Measurement of Central Aortic Pulse Pressure: Noninvasive Brachial Cuff-Based Estimation by a Transfer Function Vs. a Novel Pulse Wave Analysis Method

1] The Joanna Briggs Institute, Faculty of Health Sciences, The University of Adelaide, Adelaide, Australia [2] Department of Medical Research and Education, Taipei Veterans General Hospital, Taipei, Taiwan [3] Cardiovascular Research Center, National Yang-Ming University, Taipei, Taiwan [4] Department of Medicine, National Yang-Ming University, Taipei, Taiwan.
American Journal of Hypertension (Impact Factor: 2.85). 08/2012; 25(11):1162-9. DOI: 10.1038/ajh.2012.116
Source: PubMed


The prognostic value of central aortic pulse pressure (PP-C) may have been underestimated due to its measurement inaccuracy. We aimed to investigate the accuracy of noninvasive brachial cuff-based estimation of PP-C by a generalized transfer function (GTF) or a novel pulse wave analysis (PWA) approach to directly estimate PP-C.Methods
Invasive high-fidelity right brachial and central aortic pressure tracings, and left brachial pulse volume plethysmography (PVP) waveforms from an oscillometric blood pressure (BP) monitor were all digitized simultaneously in 40 patients during cardiac catheterization. An aortic-to-brachial GTF and a PWA multivariate prediction model using the PVP waveforms calibrated to brachial cuff systolic BP (SBP) and diastolic BP(DBP) were constructed. Accuracy of the two methods was examined in another 100 patients against invasively measured PP-C.ResultsThe error of cuff PP in estimating PP-C was 1.8 ± 12.4 mm Hg. Application of the GTF on noninvasively calibrated PVP waveforms produced reconstructed aortic pressure waves and PP-C estimates with errors of -3.4 ± 11.6 mm Hg (PP-C = reconstructed aortic SBP - aortic DBP) and -2.3 ± 11.4 mm Hg (PP-C = reconstructed aortic SBP - cuff DBP), respectively. The observed systematic errors were proportional to the magnitudes of PP-C. In contrast, the error of the PWA prediction model was 3.0 ± 7.1 mm Hg without obvious proportional systematic error.Conclusions
Large random and systematic errors are introduced into the PP-C estimates when PP-C is calculated as the difference between the estimated central SBP and central or cuff DBP. The accuracy can be improved substantially with the novel PWA approach.American Journal of Hypertension 2012; doi:10.1038/ajh.2012.116.

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    ABSTRACT: Background: The superiority of prognostic value of blood pressure (BP) measured at central aorta (CBP) over conventional brachial BP measured by cuff-based BP monitors has reignited the development of new noninvasive techniques for estimating CBP. The present study validated the accuracy of CBP measured by a newly developed stand-alone CBP monitor. Methods: The CBP monitor provided readings of brachial systolic BP (SBP), brachial diastolic BP (DBP), central SBP, and central pulse pressure (PP). Brachial PP and central DBP were calculated from the relevant readings. The accuracy of the brachial and central SBP, PP, and DBP was validated against the simultaneously recorded invasively measured central aortic SBP, PP, and DBP, according to the invasive standard requirements for the noninvasive brachial BP monitors from the Association for the Advancement of Medical Instrumentation (AAMI) in 85 subjects (255 measurements; age range, 30-93 years). Results: The mean differences of cuff BP with reference to the invasively measured central SBP, PP, and DBP were -2.6 ± 9.0, -8.6 ± 11.2, and 6.1 ± 7.0 mm Hg, respectively, with the former two being obviously underestimated at high CBP and overestimated at low CBP. In contrast, the corresponding differences for the central SBP, PP, and DBP measured by the CBP monitor were -0.6 ± 5.5, -0.4 ± 7.0, and -0.2 ± 6.5 mm Hg, respectively, without obvious systematic bias. The distribution of measurement errors for central SBP, PP, and DBP surpassed the AAMI criteria. Conclusion: Central SBP, PP, and DBP can be measured accurately by a stand-alone automatic BP monitor.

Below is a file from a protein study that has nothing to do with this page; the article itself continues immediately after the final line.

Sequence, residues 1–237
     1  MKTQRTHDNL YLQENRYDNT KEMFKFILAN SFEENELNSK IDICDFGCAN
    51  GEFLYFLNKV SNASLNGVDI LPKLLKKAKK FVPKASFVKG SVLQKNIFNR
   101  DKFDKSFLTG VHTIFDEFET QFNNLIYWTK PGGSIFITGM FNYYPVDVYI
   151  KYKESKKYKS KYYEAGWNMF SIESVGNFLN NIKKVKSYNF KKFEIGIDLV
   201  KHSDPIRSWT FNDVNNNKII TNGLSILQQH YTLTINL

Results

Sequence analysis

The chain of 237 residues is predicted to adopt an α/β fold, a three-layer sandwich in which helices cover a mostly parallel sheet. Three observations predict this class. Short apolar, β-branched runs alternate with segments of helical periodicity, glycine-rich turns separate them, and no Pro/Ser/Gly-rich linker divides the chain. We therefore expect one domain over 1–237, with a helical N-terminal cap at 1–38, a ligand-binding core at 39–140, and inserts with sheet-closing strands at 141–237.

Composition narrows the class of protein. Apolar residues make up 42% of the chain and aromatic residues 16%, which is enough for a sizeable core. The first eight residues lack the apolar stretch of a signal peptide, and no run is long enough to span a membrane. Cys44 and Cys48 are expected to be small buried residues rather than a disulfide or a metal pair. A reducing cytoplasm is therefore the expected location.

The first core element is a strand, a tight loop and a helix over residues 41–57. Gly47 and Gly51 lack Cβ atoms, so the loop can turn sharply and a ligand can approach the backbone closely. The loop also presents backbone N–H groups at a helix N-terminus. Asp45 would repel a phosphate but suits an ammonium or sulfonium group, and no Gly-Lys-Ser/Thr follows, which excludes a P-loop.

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    ABSTRACT: Oscillometric central blood pressure (CBP) monitors have emerged as a new technology for blood pressure (BP) measurements. With a newly proposed diagnostic threshold for CBP, we investigated the diagnostic performance of a novel CBP monitor. We recruited a consecutive series of 138 subjects (aged 30-93 years) without previous use of antihypertensive agents for simultaneous invasive and noninvasive measurements of BP in a catheterization laboratory. With the cutoff (CBP ≥130/90mm Hg) for high blood pressure (HBP), the sensitivity, specificity, positive predictive value (PPV), and negative predictive value (NPV) of the novel CBP monitor were calculated with reference to the measured CBP. In comparison, the diagnostic performance of the conventional cuff BP was also evaluated. The noninvasive CBP for detecting HBP in a sample with a prevalence of 52% showed a sensitivity of 93% (95% confidence interval (CI) = 91-95), specificity of 95% (95% CI = 94-97), PPV of 96% (95% CI = 94-97), and NPV of 93% (95% CI = 90-95). In contrast, with cuff BP and the traditional HBP criterion (cuff BP ≥140/90mm Hg), the sensitivity, specificity, PPV, and NPV were 49% (95% CI = 44-53), 94% (95% CI = 92-96), 90% (95% CI = 86-93), and 63% (95% CI 59-66), respectively. A stand-alone oscillometric CBP monitor may provide CBP values with acceptable diagnostic accuracy. However, with reference to invasively measured CBP, cuff BP had low sensitivity and NPV, which could render possible management inaccessible to a considerable proportion of HBP patients, who may be identifiable through noninvasive CBP measurements from the CBP monitor.
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